Divert is an innovative waste disposal company, helping to reduce waste in the UK by finding new ways to recycle. We work to help minimise the amount of waste that ends up on landfill sites each year, working to protect the environment for future generations. We do this primarily by focusing on WEEE waste disposal (Waste Electrical and Electronic Equipment Recycling).
Why use Divert?
At divert, we are passionate about protecting the environment. This lies at the forefront of everything that we do. We’ll collect any of your waste – including white goods – and ensure that the waste is properly and safely disposed of.
What are white goods?
The term ‘white goods’ refers to large electrical goods that are typically used within the home but are also found at restaurants and cafés. White goods include:
Why is sustainable white goods collection and disposal important?
To begin with, it is always important that we find safe ways to dispose of our waste. When we send our waste to landfill, we are contributing to the production of methane gas. Methane gas is a key contributor to the destruction of our ozone layer – leading towards global warming.
We should find sustainable ways to dispose of white goods as they are often made of recyclable materials, such as plastic. By recycling these products, they are able to find a new life. Secondly, electronic equipment often contains some element of toxic materials – such as heavy metals, which can cause serious damage to the environment.
What materials are the following made from?
Washing machines – Washing machines are typically made from plastic or stainless steel, and electric motors – materials that are frequently recycled. As a result, we began offering washing machines collection services to ensure all components are properly disposed of.
Tumble dryers – In addition to plastic and steel, tumble dryers are made from a variety of metals. They often contain insulated copper wiring and an electric motor.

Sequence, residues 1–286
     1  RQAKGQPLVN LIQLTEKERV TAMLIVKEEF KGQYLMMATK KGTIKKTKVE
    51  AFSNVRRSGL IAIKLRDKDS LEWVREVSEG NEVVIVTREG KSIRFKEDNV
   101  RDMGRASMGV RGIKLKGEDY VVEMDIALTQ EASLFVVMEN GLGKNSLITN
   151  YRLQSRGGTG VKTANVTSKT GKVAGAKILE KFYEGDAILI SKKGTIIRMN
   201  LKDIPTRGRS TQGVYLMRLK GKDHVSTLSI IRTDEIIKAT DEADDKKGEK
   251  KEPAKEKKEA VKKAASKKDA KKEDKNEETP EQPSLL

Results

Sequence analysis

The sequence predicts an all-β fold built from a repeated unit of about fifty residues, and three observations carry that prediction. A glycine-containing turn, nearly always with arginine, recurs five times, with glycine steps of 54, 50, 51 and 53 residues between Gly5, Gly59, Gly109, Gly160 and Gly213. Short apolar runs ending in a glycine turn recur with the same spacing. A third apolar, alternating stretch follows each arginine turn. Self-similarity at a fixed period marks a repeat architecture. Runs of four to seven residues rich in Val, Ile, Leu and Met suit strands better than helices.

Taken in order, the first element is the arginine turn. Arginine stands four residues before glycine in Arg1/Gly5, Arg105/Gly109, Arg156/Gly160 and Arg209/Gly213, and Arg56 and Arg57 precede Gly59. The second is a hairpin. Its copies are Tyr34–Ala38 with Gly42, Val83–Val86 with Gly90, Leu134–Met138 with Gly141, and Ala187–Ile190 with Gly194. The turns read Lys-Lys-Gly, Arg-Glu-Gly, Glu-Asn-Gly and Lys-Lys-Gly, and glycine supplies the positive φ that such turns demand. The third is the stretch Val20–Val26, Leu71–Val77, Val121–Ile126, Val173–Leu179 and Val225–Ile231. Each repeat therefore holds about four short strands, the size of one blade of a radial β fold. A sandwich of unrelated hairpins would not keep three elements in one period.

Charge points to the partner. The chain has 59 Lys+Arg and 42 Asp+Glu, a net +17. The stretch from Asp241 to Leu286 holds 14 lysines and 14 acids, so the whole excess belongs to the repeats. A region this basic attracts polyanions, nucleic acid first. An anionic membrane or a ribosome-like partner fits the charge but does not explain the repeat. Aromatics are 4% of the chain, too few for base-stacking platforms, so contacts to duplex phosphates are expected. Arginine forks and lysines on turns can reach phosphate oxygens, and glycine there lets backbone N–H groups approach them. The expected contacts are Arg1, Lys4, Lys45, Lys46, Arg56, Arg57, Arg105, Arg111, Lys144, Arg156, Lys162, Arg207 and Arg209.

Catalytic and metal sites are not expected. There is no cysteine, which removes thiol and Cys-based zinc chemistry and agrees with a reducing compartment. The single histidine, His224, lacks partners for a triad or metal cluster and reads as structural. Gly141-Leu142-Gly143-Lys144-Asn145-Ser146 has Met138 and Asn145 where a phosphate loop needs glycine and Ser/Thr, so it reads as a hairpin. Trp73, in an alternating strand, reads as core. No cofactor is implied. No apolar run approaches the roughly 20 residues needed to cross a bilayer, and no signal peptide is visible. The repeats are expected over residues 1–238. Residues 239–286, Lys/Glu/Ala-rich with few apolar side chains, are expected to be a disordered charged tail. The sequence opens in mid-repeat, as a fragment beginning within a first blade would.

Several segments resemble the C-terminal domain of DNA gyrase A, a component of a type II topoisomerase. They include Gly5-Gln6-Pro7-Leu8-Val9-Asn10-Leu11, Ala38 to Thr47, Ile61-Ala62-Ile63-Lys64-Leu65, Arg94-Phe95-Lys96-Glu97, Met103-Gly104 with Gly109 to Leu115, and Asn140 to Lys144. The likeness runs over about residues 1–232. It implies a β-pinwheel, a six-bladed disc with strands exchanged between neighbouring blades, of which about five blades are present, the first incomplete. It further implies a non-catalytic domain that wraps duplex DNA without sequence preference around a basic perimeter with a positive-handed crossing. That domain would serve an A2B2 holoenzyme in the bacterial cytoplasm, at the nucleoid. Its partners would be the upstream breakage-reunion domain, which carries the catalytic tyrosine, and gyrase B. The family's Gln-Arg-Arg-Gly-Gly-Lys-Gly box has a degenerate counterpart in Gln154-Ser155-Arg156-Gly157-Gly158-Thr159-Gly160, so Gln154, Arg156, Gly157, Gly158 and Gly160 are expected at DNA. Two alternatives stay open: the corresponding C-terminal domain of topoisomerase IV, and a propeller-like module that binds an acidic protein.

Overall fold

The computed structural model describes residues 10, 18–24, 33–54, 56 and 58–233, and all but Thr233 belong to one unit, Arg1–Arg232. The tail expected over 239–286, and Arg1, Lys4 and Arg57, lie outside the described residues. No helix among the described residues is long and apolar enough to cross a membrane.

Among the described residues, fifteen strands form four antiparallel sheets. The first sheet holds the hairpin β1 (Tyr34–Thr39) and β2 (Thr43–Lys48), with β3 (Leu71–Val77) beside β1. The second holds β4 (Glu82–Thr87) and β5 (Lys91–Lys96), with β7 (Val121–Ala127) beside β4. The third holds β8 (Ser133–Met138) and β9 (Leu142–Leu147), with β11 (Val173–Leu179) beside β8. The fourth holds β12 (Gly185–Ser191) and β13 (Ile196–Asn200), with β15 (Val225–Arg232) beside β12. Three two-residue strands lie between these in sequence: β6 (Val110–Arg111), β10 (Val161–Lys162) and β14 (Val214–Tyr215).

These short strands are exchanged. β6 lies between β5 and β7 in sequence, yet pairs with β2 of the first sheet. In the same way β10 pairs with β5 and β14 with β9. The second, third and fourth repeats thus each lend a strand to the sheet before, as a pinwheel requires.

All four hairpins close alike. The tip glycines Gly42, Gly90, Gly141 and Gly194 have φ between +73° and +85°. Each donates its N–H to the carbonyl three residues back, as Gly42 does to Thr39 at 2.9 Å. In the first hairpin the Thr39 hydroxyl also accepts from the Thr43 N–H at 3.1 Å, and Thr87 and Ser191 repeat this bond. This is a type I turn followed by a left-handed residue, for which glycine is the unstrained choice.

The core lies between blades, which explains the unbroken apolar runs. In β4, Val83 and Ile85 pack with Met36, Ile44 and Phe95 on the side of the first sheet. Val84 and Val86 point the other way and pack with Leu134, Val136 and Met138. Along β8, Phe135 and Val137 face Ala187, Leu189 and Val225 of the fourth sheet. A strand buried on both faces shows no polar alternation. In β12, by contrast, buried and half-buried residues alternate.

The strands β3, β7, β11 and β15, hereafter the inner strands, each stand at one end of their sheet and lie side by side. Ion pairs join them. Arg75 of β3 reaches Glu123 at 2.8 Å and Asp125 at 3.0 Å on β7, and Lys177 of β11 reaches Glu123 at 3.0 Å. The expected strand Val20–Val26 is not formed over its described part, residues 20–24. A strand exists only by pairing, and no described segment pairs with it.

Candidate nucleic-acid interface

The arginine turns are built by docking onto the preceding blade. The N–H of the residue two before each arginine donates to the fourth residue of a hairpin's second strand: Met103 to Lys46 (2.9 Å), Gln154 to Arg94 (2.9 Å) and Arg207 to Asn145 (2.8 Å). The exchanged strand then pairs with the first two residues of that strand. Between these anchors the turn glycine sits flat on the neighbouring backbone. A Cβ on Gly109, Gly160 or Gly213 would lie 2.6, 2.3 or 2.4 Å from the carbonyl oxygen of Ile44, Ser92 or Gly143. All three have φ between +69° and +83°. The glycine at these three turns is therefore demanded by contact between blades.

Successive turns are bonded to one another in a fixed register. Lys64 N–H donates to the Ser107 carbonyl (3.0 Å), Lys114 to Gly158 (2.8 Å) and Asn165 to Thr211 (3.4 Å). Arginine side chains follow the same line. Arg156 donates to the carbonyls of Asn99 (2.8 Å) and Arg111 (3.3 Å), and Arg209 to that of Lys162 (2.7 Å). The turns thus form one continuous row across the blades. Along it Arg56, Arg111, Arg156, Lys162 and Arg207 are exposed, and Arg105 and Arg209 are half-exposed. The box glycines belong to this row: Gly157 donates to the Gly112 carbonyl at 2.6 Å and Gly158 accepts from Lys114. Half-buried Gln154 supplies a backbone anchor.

Fridges – A fridge has ‘three layers’ of materials. The first is usually sheet metal, an interior made of polystyrene plastic, and stainless steel exterior.
Freezers – As they function similarly, freezers are made of the same materials as fridges.
A closer look at the materials:
Stainless steel – Steel is the most widely recycled product in the world. It is estimated that around 10 million tonnes of scrap metal (of which steel is prevalent) are recycled each year. Even better, recycling steel as opposed to manufacturing new steel can reduce carbon emissions by 80%.
Plastic – Plastic is another material that is frequently recycled and for a good reason. If plastic was not taken to a reused or taken to a recycling plant, it could take upwards of 1,000 years to decompose in a landfill site. Despite common misconception, polystyrene plastics can now be recycled too.
Electric motor – As 100% of the components that are used to create an electric motor are metallic; this too can be recycled or repurposed for later use.
Copper writing – Copper is a finite resource, and supplies of copper are gradually decreasing over time, meaning that it is now widely recycled. In fact, recycling copper can prove very lucrative.
How many fridges/freezers/etc are thrown away each year?
Each year, 3.5 million fridges are thrown away each year and around 2.4 million freezers.
However, it is difficult to estimate the number of white goods that are safely thrown away each year. A study by Keep Britain Tidy found that over 50,000 white goods were illegally dumped in 2018. That’s 50,000 goods that could have been recycled or rejuvenated.
How long does white good waste last?
The materials used in the production of white goods are by and large recyclable. However, they would each take a long time to decompose naturally. For example, plastic can take 1000+ years to biodegrade, whereas steel takes 100 years. However, both of these processes contribute to damaging the environment.
What are some alternative ways you can reuse or repurpose your old washing machine?
1) Donate it to charity. Charities are always on the lookout for white goods, especially those that are still functioning properly. Whilst you may be getting rid of your fridge/freezer as you’re buying a newer, better model – a family on a reduced income would benefit hugely from receiving a fridge or freezer from a charity. They are also often used in shelters or homes.
2) Fix and repair. Although your white goods may appear faulty, it is likely that something can be done to rejuvenate them. Whether you try to resolve the issue yourself or bring in a specialist who can repair any damages – fixing and repairing white goods is a far better alternative to disposing of them altogether. It can even prove to be quite cost-effective, as it is often cheaper to fix something than buy something entirely new. If you have already purchased new white goods, fixing your old white goods means you can donate them to charity or sell them to a new home.
3) Help those in need. Much like donating to charity, it is always worth asking if anybody wants your old items. This can be done by word of mouth, or through the use of social media. For example, there are several Facebook groups that allow you to post items that are available locally. You can offer them for free or for a small price.